Sama Alshaibi: Sand Rushes In, the first book by this rising artist, presents work from Silsila, a video and photographic installation that premiered at the 2013 Venice Biennale, as well as other series. Alshaibi’s lyrical multimedia work explores the landscape of conflict: the ongoing competition for land, resources, and power in North Africa and West Asia, and the internal battle for control between fear and fearlessness. Additional material, selected from the artist’s series Negative’s Capable Hands, Collapse, and Thowra, is presented in the context of Silsila, meaning “chain” or “link” in Arabic. The artist uses the desert, borders, and the body as overarching symbols of the geopolitical and environmental issues and histories linking the Arab-speaking world.


Alshaibi operates between the United States, western Asia, and North Africa. Much of her work is inspired by and shot onsite in distinct natural landscapes, from the Western Sahara of North Africa to the eastern Arabian Desert on the edges of Iraq—highlighting the jarring contrast between desert and fertile oasis. Alshaibi is often a protagonist in the work, taking on the guise of distinct yet interrelated characters.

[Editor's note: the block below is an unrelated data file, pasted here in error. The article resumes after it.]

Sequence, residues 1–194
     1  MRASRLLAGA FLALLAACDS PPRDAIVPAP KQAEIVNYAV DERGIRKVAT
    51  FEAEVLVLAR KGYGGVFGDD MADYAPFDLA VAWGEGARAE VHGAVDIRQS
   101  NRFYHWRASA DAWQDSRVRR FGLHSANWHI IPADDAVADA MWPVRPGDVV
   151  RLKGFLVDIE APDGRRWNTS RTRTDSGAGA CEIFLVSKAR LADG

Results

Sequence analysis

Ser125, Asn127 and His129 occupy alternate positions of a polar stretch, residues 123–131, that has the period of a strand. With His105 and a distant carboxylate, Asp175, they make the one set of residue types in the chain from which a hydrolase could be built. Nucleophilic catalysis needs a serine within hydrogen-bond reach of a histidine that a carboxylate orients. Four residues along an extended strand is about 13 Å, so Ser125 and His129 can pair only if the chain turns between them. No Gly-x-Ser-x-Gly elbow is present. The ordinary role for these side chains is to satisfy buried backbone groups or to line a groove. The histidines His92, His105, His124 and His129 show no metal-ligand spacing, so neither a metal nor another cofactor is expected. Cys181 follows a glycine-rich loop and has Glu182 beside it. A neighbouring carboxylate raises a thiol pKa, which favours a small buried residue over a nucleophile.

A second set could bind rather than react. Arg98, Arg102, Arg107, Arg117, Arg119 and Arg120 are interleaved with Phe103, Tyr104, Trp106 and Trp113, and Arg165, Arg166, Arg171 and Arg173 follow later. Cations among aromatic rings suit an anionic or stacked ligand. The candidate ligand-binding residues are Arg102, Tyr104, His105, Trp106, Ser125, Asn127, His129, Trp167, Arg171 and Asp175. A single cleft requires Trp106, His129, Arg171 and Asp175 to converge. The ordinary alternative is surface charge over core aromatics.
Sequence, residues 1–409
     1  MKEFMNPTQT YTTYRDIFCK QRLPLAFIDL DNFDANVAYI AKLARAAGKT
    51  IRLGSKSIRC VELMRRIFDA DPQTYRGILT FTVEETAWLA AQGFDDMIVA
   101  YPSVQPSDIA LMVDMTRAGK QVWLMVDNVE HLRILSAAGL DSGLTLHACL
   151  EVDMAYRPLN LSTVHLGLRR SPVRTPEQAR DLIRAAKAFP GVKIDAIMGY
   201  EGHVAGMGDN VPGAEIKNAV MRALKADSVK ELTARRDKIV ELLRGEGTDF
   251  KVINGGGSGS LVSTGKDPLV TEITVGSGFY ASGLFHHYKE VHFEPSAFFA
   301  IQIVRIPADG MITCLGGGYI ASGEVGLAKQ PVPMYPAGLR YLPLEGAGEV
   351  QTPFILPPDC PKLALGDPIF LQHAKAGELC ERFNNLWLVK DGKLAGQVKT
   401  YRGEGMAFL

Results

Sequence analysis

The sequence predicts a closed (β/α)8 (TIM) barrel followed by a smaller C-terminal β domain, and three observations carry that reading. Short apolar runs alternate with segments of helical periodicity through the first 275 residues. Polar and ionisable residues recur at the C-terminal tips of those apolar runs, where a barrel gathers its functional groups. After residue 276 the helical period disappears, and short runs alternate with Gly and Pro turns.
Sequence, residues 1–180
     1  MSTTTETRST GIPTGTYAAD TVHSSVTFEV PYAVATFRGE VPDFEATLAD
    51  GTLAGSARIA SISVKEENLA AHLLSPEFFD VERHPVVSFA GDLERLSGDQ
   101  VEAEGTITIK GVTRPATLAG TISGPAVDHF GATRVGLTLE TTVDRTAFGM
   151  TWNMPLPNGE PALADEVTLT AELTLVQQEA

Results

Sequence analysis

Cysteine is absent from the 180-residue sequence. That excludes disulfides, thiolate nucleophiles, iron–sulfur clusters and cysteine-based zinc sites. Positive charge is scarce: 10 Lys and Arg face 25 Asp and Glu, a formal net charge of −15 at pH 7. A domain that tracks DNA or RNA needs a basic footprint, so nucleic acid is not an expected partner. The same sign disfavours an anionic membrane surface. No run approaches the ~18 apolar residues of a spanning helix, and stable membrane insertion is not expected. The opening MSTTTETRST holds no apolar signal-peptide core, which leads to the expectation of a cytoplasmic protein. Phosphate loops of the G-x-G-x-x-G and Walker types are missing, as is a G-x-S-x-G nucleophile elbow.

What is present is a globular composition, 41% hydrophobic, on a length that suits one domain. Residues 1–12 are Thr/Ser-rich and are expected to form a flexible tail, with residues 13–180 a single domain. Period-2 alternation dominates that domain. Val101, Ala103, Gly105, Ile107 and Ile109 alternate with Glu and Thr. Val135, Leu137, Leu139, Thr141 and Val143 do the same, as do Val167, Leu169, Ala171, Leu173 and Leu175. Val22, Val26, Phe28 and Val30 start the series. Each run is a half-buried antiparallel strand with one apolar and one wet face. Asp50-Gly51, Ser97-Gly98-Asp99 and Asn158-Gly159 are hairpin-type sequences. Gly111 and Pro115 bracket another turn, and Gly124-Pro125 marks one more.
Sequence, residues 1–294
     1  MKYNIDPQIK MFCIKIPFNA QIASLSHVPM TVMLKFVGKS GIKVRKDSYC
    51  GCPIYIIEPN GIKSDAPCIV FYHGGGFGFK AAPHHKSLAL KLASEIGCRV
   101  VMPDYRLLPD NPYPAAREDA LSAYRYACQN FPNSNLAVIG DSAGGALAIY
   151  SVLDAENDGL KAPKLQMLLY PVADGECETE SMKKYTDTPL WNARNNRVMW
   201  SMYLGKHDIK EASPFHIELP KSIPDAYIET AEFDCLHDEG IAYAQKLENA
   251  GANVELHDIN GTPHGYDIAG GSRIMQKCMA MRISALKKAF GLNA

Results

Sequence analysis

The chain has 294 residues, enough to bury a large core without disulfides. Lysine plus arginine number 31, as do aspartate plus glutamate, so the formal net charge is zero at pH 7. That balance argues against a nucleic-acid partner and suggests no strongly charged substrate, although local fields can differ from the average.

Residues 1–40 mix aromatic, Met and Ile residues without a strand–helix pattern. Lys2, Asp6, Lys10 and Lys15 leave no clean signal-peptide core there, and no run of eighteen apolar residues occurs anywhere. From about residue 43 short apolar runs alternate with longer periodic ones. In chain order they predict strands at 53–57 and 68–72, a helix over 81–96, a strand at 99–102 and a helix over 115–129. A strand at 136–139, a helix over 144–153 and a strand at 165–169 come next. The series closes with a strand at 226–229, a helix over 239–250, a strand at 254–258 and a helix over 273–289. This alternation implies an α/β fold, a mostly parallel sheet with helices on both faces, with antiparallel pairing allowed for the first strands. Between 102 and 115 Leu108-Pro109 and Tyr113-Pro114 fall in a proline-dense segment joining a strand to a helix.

Sama Alshaibi (born in Basra, Iraq, 1973) has exhibited in numerous biennials, museums, and institutions, including at the Maldives Pavilion of the 55th Venice Biennale, 2013; Museum of Modern Art, New York; FotoFest, Houston; and the Arab World Institute, Paris. She is a Fulbright Scholar, has been an artist-in-residence at various locations worldwide, has been awarded two national teaching awards, and was granted the title of University of Arizona’s 1885 Society Distinguished Scholar. Alshaibi is the chair and associate professor of photography and video art at the University of Arizona. She is represented by Ayyam Gallery.

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